Jim Cramer: Trump's Broadcom Move Really Means 'China, Stay Out!'

 | Mar 13, 2018 | 7:39 AM EDT
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If you make a statement that "our intellectual property is not for sale to the Chinese," that would be a lot simpler to do than stopping an American CEO from buying the company run by another American CEO. But it doesn't matter now.

President Trump made a proclamation Monday night that basically banned Singapore's Broadcom Ltd. (AVGO)  in its attempts to buy U.S.-headquartered Qualcomm (QCOM) , arguing that he had to prevent intellectual-property theft. This sends the message that U.S. tech isn't for sale to China -- and is stunning and fatal to the Broadcom/Qualcomm saga.

Except left out of the equation is the fact that Broadcom CEO Hock Tan is an American, and that Broadcom is moving back to the United States from Singapore (at Trump's own glowing urging and reception). Tan is originally from Malaysia, but has been a U.S. citizen for more than 20 years. He has worked for Pepsico (PEP) , General Motors (GM) and the late, great Commodore -- yeah, Commodore, the first real PC company, once based outside of Philadelphia.

And Broadcom's headquarters? The company is nominally based in Singapore following a 2016 merger between Avago Technologies and California-based Broadcom Corp. that created Broadcom Ltd. But the firm is really headquartered in San Jose, Calif. -- and in truth, it never left.

Broadcom Ltd. has pretty much always been an American company. Even after the 2016 merger, the combined entity picked the name "Broadcom" rather than "Avago" to better reflect the company's true nature.

Broadcom has been dual-headquartered in name only, like so many other companies that have moved their HQs around to avoid onerous U.S. taxes. the company was created by a so-called "inversion," one of the last that got through the shoot back in 2015.

In fact, it was just on Nov. 2 that Trump praised Tan for moving Broadcom's headquarters to San Jose, where it really was anyway. The move allowed Tan to complete his acquisition of Brocade by being a U.S. company not only in name, but in reality.

The fact is, though, that more than half of Broadcom's revenues come from China. Therefore, one could argue after Trump's presidential decree that if your company does a ton of business with China, it's a Chinese company. And if it's a Chinese company, then it can't buy an American one.

What is this all saying? I think it's all part of a new message that began last week with Trump's new tariffs on foreign aluminum and steel. It says: "China, listen, you aren't going to dump your raw products on America any more. You aren't going to target industries and wipe out American jobs to create Chinese jobs. And you are no longer going to steal our secrets or our intellectual property, either."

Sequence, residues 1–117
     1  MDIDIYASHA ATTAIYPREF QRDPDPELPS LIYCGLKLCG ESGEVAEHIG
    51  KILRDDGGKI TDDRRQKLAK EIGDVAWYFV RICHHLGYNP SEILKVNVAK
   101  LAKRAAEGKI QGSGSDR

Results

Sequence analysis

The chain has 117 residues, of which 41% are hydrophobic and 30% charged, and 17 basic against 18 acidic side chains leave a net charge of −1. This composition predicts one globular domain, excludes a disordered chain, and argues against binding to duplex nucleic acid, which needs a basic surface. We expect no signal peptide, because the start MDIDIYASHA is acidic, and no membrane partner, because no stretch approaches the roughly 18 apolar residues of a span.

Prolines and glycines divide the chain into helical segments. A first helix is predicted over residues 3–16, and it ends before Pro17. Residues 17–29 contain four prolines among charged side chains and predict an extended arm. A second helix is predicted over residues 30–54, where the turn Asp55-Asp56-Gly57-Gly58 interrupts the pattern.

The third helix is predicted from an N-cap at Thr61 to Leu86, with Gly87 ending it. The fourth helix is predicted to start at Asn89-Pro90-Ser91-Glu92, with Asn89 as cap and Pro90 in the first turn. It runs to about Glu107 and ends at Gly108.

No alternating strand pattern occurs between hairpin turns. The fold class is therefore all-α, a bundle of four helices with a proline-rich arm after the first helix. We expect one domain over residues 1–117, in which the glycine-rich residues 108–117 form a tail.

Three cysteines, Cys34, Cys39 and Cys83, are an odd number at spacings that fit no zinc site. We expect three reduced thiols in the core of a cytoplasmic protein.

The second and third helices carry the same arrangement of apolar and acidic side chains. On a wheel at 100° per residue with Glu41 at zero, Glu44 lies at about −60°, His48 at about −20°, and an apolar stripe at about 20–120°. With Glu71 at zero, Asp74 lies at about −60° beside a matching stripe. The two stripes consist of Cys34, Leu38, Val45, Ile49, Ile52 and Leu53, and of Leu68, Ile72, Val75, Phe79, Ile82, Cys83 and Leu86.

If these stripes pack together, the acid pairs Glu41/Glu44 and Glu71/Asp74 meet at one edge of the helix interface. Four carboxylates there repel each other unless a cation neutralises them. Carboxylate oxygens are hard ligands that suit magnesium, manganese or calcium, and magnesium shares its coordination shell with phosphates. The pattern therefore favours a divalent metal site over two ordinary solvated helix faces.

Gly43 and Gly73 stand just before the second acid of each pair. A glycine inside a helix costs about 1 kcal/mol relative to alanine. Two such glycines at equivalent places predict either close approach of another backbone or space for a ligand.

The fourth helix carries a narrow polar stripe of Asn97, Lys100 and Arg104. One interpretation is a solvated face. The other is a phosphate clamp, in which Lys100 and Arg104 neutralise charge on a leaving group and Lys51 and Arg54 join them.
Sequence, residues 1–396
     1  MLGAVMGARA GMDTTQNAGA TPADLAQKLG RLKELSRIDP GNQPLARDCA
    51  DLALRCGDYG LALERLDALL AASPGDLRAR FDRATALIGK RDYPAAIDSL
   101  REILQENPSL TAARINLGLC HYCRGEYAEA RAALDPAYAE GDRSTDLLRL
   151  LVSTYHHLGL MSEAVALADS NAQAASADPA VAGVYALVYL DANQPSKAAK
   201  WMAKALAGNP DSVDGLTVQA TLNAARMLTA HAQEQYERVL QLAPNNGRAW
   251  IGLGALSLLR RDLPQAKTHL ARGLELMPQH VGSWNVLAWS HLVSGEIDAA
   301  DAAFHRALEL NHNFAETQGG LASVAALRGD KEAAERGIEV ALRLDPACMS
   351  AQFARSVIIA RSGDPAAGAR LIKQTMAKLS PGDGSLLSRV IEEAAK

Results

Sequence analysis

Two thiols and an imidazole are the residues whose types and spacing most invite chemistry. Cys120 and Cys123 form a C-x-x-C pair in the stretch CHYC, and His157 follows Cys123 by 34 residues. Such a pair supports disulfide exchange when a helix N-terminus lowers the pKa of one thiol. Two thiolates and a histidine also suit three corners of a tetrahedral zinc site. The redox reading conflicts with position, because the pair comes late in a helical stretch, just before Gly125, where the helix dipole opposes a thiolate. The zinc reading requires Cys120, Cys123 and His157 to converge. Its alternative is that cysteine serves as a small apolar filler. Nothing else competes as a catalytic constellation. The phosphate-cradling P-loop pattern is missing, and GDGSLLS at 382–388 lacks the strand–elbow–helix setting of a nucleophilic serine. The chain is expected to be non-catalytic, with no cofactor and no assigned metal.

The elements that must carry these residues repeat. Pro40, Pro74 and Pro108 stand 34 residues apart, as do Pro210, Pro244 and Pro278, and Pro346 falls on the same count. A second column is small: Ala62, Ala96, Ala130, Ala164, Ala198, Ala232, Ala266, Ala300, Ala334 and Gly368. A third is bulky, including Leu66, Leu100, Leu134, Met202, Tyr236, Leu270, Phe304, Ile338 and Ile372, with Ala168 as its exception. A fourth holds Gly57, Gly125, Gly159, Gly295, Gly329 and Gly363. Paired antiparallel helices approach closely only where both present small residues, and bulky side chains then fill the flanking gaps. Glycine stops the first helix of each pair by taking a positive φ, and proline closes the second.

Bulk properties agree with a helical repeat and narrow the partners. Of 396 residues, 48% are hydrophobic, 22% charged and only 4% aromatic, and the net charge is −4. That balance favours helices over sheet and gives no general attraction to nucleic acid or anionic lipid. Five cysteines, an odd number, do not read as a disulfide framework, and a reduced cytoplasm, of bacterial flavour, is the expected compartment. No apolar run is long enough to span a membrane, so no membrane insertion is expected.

The problem is that the Trump administration's vehicles are so strange that their positions do nothing but frighten everyone in business. If Canada buys its steel from China, then that steel can't come here? But if it's made in Canada, then it's fine?

If Broadcom had less than 50% sales in China, would a takeover of Qualcomm -- which would have been the largest tech merger ever -- have been OK? If Tan were born in America and not Asia, would the deal have gone through? Can U.S.-based Intel (INTC) buy Qualcomm? Is Qualcomm now deemed a "precious asset"? Is there even such a designation?

Now, of course, one could argue that all the president was doing with his proclamation was backing up the U.S. Treasury. That department's Committee on Foreign Investments in the United States (known as "CFIUS") had already said "no" to a Broadcom/Qualcomm deal in very strongly worded terms. But somehow, that didn't register with Broadcom as being the end.

The issue now for all American companies and Silicon Valley ones in particular might be very odd: "Do too much business in China and you're a Chinese company."

Now, this might just be one of those situations where "hard cases make bad law," meaning that this was an extreme case and therefore makes for lousy law. But all the same, I think we've now seen the high-water mark for tech takeovers if a tech company does a lot of business in China (and most tech companies do a lot of business in China).

More importantly, China is now an official pariah in both name and deed, whether it's in low tech or high. That this is somehow not rocking the world is pretty incredible, as the free flow of information between our two countries has been pretty much of a given.

Back in August 2005, Chinese oil giant CNOOC tried to buy Unocal but withdrew from bidding because the U.S. congressional backlash was so great. Our natural resources were deemed too precious to allow the Chinese buy them, and some lawmakers said that such an acquisition would be a national security threat. CNOOC's withdrawal allowed Chevron (CVX) to buy Unocal for less money than the Chinese company had offered.

However, Broadcom is neither owned by the Chinese government nor run by someone from China. That said, you get the message: "China, stay out of here! Stay out of here with your money and your thieving ways! The United States is for the United States!"

Didn't know that? You sure do now.

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